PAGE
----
David grew up with ten brothers and sisters. David’s mum was a Catholic and he was brought up in this faith, being baptised and attending a Catholic school.
At the age of 15, David’s mum suddenly gave up her Catholic faith and stopped attending church, and David and his siblings no longer had to either.
Within a short time David suddenly went off the rails, smoking cannabis and getting into petty crime, lying, and sleeping around. He started getting arrested a lot and at one point got sent to a remand home for the short, sharp, shock treatment.
When David was 18 he was kicked out of the family home by his mum and dad. He then went to live in the Lake District with his brother. David got a job, but couldn’t really afford to live there, and he broke into the electricity meter in his bedsit and stole the money. He then fled back to London. It was 1974.
Because he was worried about the police hunting him for the meter theft, he then fled again, to Guildford. He arrived with no money in his pocket and in the pouring rain, so he went into a church. In those days churches were always open.
He then knocked on the door of the vicar’s house. David told him that he needed help and was in trouble. The vicar said, “Don’t worry, we’ll sort it all out.” The vicar gave David a meal. The vicar’s name was David Pawson, who later became a very successful author.
The vicar took David to a house on the edge of Guildford, where he could stay with five Christian students. The students immediately started to tell David the gospel, and he said the salvation commitment prayer.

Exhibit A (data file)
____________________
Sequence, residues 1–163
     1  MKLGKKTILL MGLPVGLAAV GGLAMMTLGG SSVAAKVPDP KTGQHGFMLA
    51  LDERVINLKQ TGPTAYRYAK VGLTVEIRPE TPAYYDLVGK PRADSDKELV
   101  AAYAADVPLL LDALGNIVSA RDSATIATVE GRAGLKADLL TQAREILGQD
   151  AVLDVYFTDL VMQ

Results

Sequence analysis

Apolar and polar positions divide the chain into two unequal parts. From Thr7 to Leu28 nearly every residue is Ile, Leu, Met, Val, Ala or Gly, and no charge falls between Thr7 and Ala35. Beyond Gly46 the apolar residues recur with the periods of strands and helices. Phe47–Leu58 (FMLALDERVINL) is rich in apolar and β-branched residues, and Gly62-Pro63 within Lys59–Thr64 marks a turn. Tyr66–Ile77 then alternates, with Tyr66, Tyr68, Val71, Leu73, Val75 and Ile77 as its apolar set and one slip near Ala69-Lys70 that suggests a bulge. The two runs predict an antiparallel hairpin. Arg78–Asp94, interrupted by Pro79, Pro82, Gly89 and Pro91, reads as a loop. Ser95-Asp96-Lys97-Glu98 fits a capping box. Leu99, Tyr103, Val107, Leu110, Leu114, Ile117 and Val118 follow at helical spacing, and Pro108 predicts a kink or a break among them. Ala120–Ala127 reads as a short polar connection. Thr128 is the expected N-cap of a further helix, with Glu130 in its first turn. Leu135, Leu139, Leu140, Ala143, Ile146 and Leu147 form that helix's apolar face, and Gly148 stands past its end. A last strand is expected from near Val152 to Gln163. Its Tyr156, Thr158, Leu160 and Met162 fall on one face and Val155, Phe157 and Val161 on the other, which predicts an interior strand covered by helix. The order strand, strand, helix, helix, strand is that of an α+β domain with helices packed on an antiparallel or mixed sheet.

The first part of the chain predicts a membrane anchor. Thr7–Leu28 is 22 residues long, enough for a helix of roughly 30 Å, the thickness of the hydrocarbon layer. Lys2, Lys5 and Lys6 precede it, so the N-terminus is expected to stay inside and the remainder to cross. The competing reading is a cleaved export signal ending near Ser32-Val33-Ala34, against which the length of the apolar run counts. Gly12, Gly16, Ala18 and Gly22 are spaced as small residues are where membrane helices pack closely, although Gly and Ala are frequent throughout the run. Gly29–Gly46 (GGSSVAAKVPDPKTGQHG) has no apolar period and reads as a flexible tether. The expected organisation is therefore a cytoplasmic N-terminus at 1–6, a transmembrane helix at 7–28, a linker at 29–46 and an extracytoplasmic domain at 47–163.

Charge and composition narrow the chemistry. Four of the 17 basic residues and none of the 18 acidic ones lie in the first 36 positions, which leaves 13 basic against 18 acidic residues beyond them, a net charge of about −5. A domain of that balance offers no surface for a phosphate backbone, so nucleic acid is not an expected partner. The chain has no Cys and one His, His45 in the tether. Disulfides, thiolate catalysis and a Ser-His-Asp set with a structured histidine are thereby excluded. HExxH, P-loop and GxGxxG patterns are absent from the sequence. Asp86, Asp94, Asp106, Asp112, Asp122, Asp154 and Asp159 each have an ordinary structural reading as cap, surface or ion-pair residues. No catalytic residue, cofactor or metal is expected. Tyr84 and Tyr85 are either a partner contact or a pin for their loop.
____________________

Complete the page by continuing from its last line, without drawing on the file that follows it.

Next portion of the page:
Later that night when David was in bed in the room he’d been given, the room was suddenly filled with light. David started praying in tongues for the first time, and the students ran into his room, excited. They switched on the electric light, unaware of the godly light David had seen, and they told David that praying in tongues meant he’d been baptised in the Holy Spirit. For David it was a wonderful and amazing experience, as he’d felt enveloped in God’s love, and he’d never experienced anything like that before.
David stayed in the house for a while and the Christians there helped him out and found a bedsit in Guildford for him. One of the guys he’d stayed with gave him a loan of £200, which was a lot of money in those days. David also found a job as a chef.
He started going to church in the area, and gave himself up to the police for breaking into the electric meter. He was taken back up to the Lake District in handcuffs. He told the magistrate in court that he’d become a Christian and the magistrate let him off.
He continued attending the very large church in Guildford which had a congregation of 1,000 people, but he started to feel dissatisfied as the Christians there couldn’t answer his challenging questions about God.
David then ‘made friends’ with his mum and dad again and they invited him to come back home, and he started going to a very small church his dad attended in Penge, south-east London, which had a congregation of about 30 to 40 people. David didn’t find the church to be very spiritual and started mixing with members on the edge of the church community – people who attended church but didn’t live as committed, spiritual Christians, and who were more into the hippy scene. David started taken drugs with them and sleeping around again, and soon he just stopped attending church.